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Re: Master KH on "God": Mahatma Letter No. 10

Nov 10, 2002 07:33 AM
by Steve Stubbs

--- In theos-talk@y..., "Daniel H. Caldwell" <comments@b...> wrote:
> Mahatma Letter No. 10
> [Transcribed from a copy in Mr. Sinnett's handwriting. -- Ed] 

People who look at all this as mere theory miss the fact that from 
the point of view of a yogi, whether there is or is not a God is only 
of interest inasmuch as the notion is useful in practice.

Thus Kapila's original formulation of the Samkhya philosophy does not 
include any sort of God, but the system of Raja Yoga as laid down in 
the Yoga Sutras includes a special Purusha called Isvara (Lord) even 
though it is derived from Kapila's system. This is because Raja Yoga 
is in part a devotional system and it does not make sense to be 
devoted to something the existence of which one denies. Most 
commentators on Raja Yoga say the devotional element is there because 
ancient yogis found this practice produced mystically interesting 

Buddhism, on the other hand, does not include a belief in God because 
the Buddha wished to force his students to take personal 
responsibility for their own salvation. The way it has been 
explained to me, Buddhism does not deny the existence of a God, but 
does discourage dependence on any external entity. This is the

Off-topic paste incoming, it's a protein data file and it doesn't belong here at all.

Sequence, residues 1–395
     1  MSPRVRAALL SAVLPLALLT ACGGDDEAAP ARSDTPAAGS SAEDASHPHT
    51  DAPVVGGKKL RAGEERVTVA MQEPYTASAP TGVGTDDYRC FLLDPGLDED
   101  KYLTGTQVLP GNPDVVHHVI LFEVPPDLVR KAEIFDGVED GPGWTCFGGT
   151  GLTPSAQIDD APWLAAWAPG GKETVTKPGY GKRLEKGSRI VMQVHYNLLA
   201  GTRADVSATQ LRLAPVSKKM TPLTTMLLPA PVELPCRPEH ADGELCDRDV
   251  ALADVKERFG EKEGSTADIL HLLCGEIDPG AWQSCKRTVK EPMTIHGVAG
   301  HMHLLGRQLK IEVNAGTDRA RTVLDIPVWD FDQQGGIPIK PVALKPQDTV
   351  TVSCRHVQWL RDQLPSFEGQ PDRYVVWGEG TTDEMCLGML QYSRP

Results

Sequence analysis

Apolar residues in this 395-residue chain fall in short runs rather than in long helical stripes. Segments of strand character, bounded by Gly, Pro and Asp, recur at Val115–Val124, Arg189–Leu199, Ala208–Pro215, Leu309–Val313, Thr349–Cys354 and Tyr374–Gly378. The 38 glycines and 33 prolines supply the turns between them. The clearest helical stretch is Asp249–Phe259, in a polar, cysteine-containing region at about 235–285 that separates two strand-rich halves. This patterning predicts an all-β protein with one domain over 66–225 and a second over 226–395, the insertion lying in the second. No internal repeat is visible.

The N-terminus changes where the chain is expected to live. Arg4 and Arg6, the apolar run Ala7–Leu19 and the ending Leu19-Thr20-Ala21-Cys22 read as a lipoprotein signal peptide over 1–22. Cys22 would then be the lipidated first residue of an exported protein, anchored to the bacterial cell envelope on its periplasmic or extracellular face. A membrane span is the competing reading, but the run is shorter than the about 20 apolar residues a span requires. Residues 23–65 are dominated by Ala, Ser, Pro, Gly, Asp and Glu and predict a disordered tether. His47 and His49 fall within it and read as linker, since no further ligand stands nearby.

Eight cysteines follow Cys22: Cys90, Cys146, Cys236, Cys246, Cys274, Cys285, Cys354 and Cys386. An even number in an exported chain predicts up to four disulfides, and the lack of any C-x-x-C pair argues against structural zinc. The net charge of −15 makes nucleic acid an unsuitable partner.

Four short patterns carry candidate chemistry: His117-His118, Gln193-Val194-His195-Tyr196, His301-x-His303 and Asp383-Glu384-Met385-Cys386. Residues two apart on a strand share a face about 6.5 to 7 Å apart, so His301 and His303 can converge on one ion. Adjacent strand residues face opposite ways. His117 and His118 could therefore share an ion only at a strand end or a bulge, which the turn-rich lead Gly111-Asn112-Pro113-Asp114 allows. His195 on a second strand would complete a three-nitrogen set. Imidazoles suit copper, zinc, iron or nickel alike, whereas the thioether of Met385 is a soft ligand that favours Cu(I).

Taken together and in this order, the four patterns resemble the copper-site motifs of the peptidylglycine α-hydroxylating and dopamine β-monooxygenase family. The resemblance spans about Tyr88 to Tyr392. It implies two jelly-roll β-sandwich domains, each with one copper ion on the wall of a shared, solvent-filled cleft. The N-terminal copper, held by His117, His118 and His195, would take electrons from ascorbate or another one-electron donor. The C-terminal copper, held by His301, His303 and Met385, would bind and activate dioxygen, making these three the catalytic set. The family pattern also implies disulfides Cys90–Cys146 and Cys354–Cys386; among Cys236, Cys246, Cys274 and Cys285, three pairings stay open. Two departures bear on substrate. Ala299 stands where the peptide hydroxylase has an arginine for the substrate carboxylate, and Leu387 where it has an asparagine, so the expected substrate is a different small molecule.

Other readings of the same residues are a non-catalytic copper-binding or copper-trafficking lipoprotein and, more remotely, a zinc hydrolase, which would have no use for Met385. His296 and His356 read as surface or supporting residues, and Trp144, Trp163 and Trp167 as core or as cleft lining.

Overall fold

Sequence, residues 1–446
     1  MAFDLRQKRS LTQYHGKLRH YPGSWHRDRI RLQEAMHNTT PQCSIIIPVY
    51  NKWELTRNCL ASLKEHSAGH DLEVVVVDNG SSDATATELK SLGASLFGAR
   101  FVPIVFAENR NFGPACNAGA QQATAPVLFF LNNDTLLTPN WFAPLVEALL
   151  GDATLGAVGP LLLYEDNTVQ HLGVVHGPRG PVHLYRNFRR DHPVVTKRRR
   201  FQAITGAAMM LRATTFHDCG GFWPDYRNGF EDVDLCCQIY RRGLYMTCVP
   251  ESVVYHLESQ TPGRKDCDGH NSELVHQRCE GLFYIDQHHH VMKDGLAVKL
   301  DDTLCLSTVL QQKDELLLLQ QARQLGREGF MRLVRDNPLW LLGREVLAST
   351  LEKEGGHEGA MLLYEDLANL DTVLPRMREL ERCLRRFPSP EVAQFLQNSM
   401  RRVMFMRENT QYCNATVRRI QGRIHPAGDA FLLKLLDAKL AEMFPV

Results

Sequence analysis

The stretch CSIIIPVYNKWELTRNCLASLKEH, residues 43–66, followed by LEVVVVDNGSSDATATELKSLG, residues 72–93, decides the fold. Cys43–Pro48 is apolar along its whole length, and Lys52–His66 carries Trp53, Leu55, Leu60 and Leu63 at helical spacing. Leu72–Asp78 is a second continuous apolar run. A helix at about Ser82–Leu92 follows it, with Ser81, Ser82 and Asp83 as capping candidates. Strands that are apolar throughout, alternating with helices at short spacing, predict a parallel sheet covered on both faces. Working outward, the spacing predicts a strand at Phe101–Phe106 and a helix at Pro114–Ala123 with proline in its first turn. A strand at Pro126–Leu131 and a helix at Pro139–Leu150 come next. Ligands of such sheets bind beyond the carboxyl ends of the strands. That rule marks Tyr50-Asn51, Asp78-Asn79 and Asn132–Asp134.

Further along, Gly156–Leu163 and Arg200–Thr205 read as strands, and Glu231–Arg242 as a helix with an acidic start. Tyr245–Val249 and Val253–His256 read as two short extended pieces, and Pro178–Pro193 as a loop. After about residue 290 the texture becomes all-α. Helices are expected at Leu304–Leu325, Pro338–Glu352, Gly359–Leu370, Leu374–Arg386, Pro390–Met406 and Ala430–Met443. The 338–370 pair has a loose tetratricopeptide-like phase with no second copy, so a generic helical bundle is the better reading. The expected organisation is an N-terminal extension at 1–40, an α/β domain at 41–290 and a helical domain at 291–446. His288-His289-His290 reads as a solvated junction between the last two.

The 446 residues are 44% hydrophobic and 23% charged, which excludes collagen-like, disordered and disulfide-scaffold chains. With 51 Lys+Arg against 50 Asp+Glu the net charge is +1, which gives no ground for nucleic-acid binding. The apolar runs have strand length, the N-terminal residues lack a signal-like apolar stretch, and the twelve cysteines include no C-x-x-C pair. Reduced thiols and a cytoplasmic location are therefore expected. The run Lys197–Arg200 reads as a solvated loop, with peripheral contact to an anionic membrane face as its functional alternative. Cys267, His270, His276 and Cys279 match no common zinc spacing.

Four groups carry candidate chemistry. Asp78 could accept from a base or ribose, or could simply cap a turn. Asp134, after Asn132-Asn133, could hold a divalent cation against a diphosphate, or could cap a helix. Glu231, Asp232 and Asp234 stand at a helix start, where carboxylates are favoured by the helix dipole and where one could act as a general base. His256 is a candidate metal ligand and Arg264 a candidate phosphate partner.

opposite of Christianity, in which the believer is told the 
responsibility for him lies squarely on the shoulders of a fellow who 
died two thousand years ago. By pulling God completely out from 
under the student, Buddhism radically throws him or her back on his 
or her own resources. Here again the question is: what position 
produces mystically interesting results?

It is never admitted to my knowledge, but I think this same rationale 
applies to the doctrine of anatman (anatta in Pali). Whether there 
is or there is not a soul is a philosophical question (and in any 
other system but Buddhism a religious one.) Buddhism denies the 
existence of a soul because this denial is central to the practice of 
Mindfulness and the various techniques for experiencing 
enlightenment. Except from a practical point of view, it does not 
really make any difference whether there is a soul or not.

And then there is the soi distant system called "chaos magick." One 
website I have seen says the "chaote" strives to "believe" in the 
Virgin Mary as stridently as any catholic for the purpose of getting 
goodies from her. Then as soon as he gets whatever he wants, he 
discards her. A sort of mystical one night stand. There is 
something to me a little distasteful about this whole system, but 
here we have a frank admission that "belief" to a practical minded 
person is utilitarian and not philosophical.

The mahatma is obviously coming from a Buddhist perspective, as is 
admitted in the mahatma letters. But his system is also theurgic, 
meaning something such as a planetary spirit can be believed in if it 
can be evoked or invoked successfully. This suggests that he is a 
siddha or Tantric Buddhist of some sort. Here again there is a 
utilitarianism. If the Christian God cannot be evoked, then he is of 
no practical interest as far as the mahatma's system is concerned.

The system of seven principles which he espouses is also a practical 
mystical system and not a mere theory. If you once grasp the true 
meaning of the system (and I have seen no evidence that anyone has) 
much (but not all) of the practice that it implies suddenly becomes 
plain. At this level of understanding it is impossible to believe 
the whole thing is a mere fraud as some have said, but there are 
still many questions which were left unanswered.

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